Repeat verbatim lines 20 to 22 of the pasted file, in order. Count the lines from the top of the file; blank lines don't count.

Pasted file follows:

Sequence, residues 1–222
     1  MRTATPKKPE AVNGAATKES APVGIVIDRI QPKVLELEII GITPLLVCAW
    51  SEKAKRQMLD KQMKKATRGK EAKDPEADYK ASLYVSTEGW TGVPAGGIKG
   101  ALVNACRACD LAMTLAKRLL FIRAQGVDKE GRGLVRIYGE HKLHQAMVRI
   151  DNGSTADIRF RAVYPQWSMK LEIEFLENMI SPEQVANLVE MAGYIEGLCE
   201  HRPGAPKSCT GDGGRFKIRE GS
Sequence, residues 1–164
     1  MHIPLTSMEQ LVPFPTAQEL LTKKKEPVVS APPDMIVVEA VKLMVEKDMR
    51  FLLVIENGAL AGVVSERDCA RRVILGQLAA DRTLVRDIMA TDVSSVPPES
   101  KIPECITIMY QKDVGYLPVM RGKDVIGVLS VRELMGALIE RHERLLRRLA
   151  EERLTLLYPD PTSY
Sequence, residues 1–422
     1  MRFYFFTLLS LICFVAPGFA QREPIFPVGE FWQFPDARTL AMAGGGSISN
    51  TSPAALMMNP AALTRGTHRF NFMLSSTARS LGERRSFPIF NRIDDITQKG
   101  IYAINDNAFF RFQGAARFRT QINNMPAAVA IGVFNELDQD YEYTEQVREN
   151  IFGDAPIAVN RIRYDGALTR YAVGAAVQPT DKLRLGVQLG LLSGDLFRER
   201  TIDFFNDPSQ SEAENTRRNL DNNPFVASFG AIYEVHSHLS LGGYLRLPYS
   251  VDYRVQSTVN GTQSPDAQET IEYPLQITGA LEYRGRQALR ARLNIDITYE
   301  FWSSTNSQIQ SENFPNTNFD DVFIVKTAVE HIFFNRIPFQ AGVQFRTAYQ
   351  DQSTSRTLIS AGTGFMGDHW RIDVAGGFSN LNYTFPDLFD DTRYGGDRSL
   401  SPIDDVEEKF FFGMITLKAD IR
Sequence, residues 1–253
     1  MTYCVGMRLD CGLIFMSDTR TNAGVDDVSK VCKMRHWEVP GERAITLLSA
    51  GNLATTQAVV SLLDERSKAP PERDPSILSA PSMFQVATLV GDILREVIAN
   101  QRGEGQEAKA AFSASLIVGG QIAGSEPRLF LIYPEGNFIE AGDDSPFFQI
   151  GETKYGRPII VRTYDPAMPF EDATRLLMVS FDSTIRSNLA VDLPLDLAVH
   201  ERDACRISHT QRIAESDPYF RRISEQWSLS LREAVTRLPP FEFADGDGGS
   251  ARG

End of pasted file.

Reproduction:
   351  DQSTSRTLIS AGTGFMGDHW RIDVAGGFSN LNYTFPDLFD DTRYGGDRSL
   401  SPIDDVEEKF FFGMITLKAD IR
Sequence, residues 1–253